“Without a vision, the people perish”—a truism we live by. We are marinated in biblical, historical and current visions of reconciliation, healing, forgiveness, liberation. Recently, on MLK day, once again we blew on the embers of the Dream. In our leading, teaching and preaching we keep painting pictures of what could be, plus the audacity to call them “dreams of God.”
But there is a “shadow” side to this light. And greater the visionary dream, greater is the “shadow.” Let me explain.
It was 1972, an autumn day, bright sun above, Blue Ridge Mountains in the distance with a gentle breeze near as breath. Sitting on a bench I was taking in the beauty . . . and sadness, too. Two months’ prior I had resigned as pastor with no vocational place to go. I simply was unable to sustain beyond five years my first major attempt as pastor. I had hit a wall. Something had to give. So our family of six retreated to the mountains, piecing together a “living,” while granting ourselves a year to re-group. It felt like a divorce with most friends and family not knowing what to say.
Sitting on the bench that day, with adequate emotional distance, I began to ponder—what happened? My eyes landed on these non-inclusive, yet searing words from Dietrich Bonhoeffer in Life Together:
“God hates visionary dreaming; it makes the dreamer proud and pretentious. The man who fashions a visionary ideal of community demands that it be realized by God, by others, and by himself. . . . He acts as the creator of the Christian community, as if his dream binds men together. When things do not go his way, he calls the effort a failure. When his ideal picture is destroyed, he sees the community going to smash. So he becomes, first an accuser of his brethren, then an accuser of God, and finally the despairing accuser of himself.”
“Is that what happened?” I whispered. Some “lights” were coming on. Did I “fashion a visionary ideal” for our congregation and expect us to reach it? The Bonhoeffer downward spiral sure felt familiar. As things didn’t happen as envisioned, first I blamed the church, and in time blamed myself. In his words: “ . . . first an accuser of his brethren, then an accuser of God, and finally the despairing accuser of himself.” This startling awareness, though over forty years old, remains vivid, a memory still full of color and feeling. I think my soul journey started at that point. I was beginning to see the difference between clinging to a vision and having a vision. Clinging is idolatry.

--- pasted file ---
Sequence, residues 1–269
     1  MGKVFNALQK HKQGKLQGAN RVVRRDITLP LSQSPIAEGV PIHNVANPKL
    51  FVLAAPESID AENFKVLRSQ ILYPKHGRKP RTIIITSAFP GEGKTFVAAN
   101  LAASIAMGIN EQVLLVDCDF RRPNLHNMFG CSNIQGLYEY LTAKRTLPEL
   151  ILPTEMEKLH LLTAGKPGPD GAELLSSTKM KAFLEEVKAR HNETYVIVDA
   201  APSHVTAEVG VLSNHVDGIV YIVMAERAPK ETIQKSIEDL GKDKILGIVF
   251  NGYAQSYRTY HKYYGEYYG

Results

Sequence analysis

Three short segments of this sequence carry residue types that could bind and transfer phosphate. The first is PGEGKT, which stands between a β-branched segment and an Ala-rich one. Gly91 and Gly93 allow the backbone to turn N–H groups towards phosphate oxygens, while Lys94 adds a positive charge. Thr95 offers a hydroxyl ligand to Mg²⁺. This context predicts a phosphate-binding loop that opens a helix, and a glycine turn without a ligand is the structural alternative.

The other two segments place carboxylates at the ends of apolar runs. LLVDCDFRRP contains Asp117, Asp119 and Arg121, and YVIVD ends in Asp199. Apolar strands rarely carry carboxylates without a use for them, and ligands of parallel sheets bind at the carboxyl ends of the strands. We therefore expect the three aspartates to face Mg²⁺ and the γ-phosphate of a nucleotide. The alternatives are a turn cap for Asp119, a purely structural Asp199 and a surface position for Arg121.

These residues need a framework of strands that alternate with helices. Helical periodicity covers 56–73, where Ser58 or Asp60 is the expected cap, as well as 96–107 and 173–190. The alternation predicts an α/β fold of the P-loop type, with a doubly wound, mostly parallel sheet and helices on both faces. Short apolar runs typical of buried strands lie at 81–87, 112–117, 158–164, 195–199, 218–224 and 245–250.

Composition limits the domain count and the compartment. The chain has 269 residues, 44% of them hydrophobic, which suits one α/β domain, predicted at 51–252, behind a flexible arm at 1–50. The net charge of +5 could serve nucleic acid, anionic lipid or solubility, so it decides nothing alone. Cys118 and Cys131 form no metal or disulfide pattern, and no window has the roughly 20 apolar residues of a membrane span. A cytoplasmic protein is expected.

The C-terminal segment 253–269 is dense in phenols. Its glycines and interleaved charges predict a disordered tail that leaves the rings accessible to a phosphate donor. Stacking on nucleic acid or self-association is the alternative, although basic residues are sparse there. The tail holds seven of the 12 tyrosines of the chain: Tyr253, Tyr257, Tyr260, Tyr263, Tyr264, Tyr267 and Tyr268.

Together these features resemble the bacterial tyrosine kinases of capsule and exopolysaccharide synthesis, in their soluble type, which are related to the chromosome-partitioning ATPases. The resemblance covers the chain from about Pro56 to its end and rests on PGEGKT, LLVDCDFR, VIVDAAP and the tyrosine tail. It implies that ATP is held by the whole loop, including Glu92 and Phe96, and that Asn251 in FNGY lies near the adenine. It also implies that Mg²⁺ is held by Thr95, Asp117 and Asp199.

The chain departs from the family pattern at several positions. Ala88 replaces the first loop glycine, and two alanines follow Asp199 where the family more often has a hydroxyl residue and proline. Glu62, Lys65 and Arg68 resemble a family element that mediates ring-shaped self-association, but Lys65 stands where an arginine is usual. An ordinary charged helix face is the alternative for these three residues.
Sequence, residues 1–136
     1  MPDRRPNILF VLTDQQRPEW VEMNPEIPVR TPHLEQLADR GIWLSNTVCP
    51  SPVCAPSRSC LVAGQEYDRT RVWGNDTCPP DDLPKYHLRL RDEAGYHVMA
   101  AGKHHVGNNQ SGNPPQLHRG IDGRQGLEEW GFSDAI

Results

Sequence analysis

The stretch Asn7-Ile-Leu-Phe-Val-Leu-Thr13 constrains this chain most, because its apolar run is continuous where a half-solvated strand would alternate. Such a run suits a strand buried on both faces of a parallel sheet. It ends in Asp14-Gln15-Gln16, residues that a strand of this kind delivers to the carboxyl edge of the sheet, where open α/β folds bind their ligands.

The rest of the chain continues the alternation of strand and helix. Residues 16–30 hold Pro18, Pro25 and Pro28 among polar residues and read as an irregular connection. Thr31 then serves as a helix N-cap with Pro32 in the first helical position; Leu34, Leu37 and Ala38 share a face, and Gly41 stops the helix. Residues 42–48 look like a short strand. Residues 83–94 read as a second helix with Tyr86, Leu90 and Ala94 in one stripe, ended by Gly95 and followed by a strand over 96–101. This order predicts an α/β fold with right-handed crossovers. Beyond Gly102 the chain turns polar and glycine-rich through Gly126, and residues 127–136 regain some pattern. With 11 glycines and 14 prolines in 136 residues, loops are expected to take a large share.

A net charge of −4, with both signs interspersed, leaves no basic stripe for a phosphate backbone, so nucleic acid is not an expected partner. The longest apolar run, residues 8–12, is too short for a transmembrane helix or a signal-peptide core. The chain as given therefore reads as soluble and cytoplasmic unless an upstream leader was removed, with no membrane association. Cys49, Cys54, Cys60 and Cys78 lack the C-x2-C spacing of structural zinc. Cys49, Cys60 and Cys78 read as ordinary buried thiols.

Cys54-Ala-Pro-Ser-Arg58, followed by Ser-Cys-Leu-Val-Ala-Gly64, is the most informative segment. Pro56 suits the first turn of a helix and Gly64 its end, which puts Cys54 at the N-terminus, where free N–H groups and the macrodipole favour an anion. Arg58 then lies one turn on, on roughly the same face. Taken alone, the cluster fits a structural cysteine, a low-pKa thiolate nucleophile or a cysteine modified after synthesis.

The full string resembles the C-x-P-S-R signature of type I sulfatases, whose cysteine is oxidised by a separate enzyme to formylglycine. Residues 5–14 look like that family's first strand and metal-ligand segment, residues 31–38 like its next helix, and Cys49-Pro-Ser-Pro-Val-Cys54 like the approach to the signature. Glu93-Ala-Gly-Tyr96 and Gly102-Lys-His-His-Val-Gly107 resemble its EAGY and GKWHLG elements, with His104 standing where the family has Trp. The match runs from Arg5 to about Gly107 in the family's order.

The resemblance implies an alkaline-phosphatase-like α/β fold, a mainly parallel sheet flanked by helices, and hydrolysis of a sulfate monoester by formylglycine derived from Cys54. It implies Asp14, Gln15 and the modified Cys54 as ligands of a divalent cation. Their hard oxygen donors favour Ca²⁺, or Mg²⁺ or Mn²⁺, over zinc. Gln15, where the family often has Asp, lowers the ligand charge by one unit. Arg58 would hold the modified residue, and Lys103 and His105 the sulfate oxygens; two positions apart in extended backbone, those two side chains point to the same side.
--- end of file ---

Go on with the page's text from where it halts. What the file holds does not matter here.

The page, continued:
I came from seminary fresh with an ideal of what church ought to be. I set about to lead this D.C. area Baptist congregation in that direction. It was 1967, soon a period of more assassinations, rising black power consciousness, the activism for fair housing, the Poor People’s Campaign and, most of all, the height of the Vietnam War that took many of our husbands and fathers away for a year at a time. It was a turbulent season for families and nation. From feeling located in the center of this vortex, the opportunities reverberated through our little congregation wanting to be a pastoral, prophetic presence in it all.
The congregation was partner in my dreaming. At least, the leaders were. I was a young man entering a young, seven year old congregation ripe for large visions of what could be. We were a co-dependent pair—the church and me—rightly excited by the challenges, but also, I came to see, ripe for the seduction of lofty self-ideals. Together we were eager to become a “unique, special” witness amid social, political disarray.
Of course, my ending at this church was not that simple or singular. My resignation was many layered, as all of them are. But that day something shifted. Bonhoeffer’s sharp insight lanced the boil of my church-ideal and self-ideal as pastor. Since then I have been alert to that visionary side of me. It’s a gift I cherish. I like my capacity to see the big picture, discern possibilities and hold curiosity about what can be. But it’s a danger, as well, to be attached to the dream, to fuel it with intensity, to allow it to yank me from the present ambiguities, and to choose an abstract vision over the tangled intricacies of what’s before me.
I hear an “amen” in a quote from Fyodor Dostoyevsky in The Brothers Karamazov. I found it recently in my friend’s (Ken Sehested) prayer&politiks website:
“Love in action is a harsh and dreadful thing compared with love in dreams. Active love is labor and fortitude.”
Bonhoeffer had to shout to get my attention. Clearly he is not against dreaming. He, for sure, was a dreamer, creating an alternative residential seminary, plus visioning a church free of anti-Semitism. In fact, for his vision he was executed. Maybe he was shouting at himself along with avid dreamers like me who are prone to love the “what could be” more than “what is.”